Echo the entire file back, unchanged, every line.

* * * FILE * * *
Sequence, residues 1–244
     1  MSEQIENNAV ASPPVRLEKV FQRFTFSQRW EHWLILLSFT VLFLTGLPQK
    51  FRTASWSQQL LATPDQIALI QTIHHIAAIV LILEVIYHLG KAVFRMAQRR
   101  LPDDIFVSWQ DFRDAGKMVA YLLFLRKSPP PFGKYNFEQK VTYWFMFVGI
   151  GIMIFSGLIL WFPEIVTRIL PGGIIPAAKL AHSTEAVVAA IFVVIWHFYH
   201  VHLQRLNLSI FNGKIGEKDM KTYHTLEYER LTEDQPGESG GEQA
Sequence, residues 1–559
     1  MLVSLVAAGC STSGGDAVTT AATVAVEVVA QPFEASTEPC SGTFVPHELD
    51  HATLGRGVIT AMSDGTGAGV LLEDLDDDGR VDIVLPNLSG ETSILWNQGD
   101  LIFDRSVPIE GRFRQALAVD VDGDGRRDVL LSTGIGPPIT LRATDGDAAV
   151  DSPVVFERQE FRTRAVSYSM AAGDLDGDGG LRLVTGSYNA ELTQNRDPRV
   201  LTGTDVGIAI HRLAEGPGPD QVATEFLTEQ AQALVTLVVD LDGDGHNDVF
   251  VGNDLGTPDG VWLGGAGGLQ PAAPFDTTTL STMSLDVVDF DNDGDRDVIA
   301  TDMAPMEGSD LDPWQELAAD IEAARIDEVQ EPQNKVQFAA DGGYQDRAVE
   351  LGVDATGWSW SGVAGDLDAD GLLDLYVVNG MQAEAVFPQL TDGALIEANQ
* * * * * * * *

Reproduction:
Sequence, residues 1–244
     1  MSEQIENNAV ASPPVRLEKV FQRFTFSQRW EHWLILLSFT VLFLTGLPQK
    51  FRTASWSQQL LATPDQIALI QTIHHIAAIV LILEVIYHLG KAVFRMAQRR
   101  LPDDIFVSWQ DFRDAGKMVA YLLFLRKSPP PFGKYNFEQK VTYWFMFVGI
   151  GIMIFSGLIL WFPEIVTRIL PGGIIPAAKL AHSTEAVVAA IFVVIWHFYH
   201  VHLQRLNLSI FNGKIGEKDM KTYHTLEYER LTEDQPGESG GEQA
Sequence, residues 1–559
     1  MLVSLVAAGC STSGGDAVTT AATVAVEVVA QPFEASTEPC SGTFVPHELD
    51  HATLGRGVIT AMSDGTGAGV LLEDLDDDGR VDIVLPNLSG ETSILWNQGD
   101  LIFDRSVPIE GRFRQALAVD VDGDGRRDVL LSTGIGPPIT LRATDGDAAV
   151  DSPVVFERQE FRTRAVSYSM AAGDLDGDGG LRLVTGSYNA ELTQNRDPRV
   201  LTGTDVGIAI HRLAEGPGPD QVATEFLTEQ AQALVTLVVD LDGDGHNDVF
   251  VGNDLGTPDG VWLGGAGGLQ PAAPFDTTTL STMSLDVVDF DNDGDRDVIA
   301  TDMAPMEGSD LDPWQELAAD IEAARIDEVQ EPQNKVQFAA DGGYQDRAVE
   351  LGVDATGWSW SGVAGDLDAD GLLDLYVVNG MQAEAVFPQL TDGALIEANQ